Alderney Tapestry Project
Alderney Tapestry Project
According to the craftsmen of the beautiful Tapestry Project, it took them a year to create it. The tapestry, in particular, is 70m long and woven to tell the tale of the final days of King Harold’s encounter with William the Conqueror in battle. However, until now that tale did not include the coronation of William, which happened on Christmas Day 1066. According to historians, the final segment of the Bayeux Tapestry was lost, that’s why the islanders began the project to restore it. Meanwhile, Kate Russell, Alderney librarian, along with 416 Alderney residents worked on the project.
According to the craftsmen, they began the original tapestry from the Battle of Hastings. Discovered in the early 18th Century, it ended with the death of King Harold at Hastings. Commissioned by William the Conqueror’s half-brother Bishop Odo, the Bayeux Tapestry aimed to celebrate his victory over Harold Godwinson at the Battle of Hastings in 1066.
Unveiled in 1077 at the dedication of the Bayeux Cathedral, it shows events from a Norman point of view. In particular, from the death of King Edward the Confessor to the Norman victory over the English, with the missing section probably showing his coronation.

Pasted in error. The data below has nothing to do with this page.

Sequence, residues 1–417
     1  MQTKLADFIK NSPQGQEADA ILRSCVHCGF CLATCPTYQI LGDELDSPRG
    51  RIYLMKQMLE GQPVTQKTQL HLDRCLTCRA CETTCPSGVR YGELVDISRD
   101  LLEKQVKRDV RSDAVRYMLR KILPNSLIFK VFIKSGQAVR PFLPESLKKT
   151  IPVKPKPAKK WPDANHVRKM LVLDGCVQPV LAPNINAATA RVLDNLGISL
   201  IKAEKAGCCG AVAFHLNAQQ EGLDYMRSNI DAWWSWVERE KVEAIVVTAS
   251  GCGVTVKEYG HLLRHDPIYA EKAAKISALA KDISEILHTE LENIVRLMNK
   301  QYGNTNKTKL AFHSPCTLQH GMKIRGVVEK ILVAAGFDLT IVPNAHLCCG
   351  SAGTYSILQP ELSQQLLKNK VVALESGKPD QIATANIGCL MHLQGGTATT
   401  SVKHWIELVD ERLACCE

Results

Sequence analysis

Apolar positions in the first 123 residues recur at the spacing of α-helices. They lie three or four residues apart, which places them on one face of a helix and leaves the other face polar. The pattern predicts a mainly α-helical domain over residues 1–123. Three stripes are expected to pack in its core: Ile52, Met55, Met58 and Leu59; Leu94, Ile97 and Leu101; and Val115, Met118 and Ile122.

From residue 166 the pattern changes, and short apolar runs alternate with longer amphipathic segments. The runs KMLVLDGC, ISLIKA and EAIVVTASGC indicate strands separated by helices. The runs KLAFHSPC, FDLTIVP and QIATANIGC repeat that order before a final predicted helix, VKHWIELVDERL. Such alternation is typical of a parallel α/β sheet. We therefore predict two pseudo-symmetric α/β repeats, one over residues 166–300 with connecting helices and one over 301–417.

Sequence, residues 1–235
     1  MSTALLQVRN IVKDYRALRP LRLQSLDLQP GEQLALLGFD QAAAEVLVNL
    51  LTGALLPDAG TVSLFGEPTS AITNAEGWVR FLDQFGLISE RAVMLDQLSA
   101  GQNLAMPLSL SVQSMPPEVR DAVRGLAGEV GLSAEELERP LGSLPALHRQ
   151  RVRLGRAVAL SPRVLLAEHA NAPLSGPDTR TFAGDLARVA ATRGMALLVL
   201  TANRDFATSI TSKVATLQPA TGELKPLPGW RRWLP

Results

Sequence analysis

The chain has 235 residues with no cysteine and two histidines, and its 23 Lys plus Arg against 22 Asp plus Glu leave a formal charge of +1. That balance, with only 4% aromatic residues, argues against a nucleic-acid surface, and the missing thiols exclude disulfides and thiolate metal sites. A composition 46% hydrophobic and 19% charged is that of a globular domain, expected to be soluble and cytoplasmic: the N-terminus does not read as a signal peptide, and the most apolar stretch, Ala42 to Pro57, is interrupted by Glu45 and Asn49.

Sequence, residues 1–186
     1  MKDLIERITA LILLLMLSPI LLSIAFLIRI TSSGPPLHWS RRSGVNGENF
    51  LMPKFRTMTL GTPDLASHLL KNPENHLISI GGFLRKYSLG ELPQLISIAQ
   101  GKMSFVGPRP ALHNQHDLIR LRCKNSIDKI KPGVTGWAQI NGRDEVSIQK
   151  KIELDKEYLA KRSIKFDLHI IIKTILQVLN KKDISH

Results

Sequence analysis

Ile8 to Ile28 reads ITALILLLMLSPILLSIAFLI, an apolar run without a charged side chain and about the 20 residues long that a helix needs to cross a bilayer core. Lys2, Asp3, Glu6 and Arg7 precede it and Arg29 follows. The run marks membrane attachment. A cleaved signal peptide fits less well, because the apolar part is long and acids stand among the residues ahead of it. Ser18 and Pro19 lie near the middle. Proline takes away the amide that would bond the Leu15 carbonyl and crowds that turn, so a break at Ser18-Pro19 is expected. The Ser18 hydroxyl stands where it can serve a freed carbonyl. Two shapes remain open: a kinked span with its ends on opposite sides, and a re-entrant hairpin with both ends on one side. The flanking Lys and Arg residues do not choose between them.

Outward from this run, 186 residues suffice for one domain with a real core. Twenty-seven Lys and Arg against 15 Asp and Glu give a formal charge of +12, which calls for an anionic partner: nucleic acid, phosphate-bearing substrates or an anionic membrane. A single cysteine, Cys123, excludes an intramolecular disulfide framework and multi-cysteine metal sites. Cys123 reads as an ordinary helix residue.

More than 600 people, 200 horses and 50 Latin inscriptions included in the Bayeux Tapestry. The people of Alderney, with help from visitors from around the world, have been working since early 2012 on completing the story – taking it up to the coronation of William.
Robin Whicker, from the tapestry project, said: “Nobody knows exactly how the Bayeux Tapestry would have ended but this one shows the fact that William was crowned by the unstated fact that not everyone approved.”
The tapestry, created at Alderney library with visitors to the center adding stitches.
The tapestry ends with the construction of the tower of London. The public’s contribution to the tapestry is now over and Ms Russell will be tying together the loose ends. The finished ending to the Bayeux Tapestry will be unveiled in Alderney on 1 April.
Bayeux Tapestry, a celebrated piece of embroidered linen fabric (actually not a tapestry) depicting the Norman Conquest of England in 1066. It is about 70 m. (231 ft.) long—the last section is lost— and 50 cm. (19 in.) wide, and arranged somewhat in the manner of a strip cartoon, with one episode succeeding another in more than seventy scenes. Perhaps made to the order of William the Conqueror’s half-brother, Bishop Odo of Bayeux in Normandy. Displayed for centuries in the cathedral at Bayeux and is now housed in the former Bishop’s Palace there. (Norwich John Oxford Illustrated Encyclopedia of the Arts)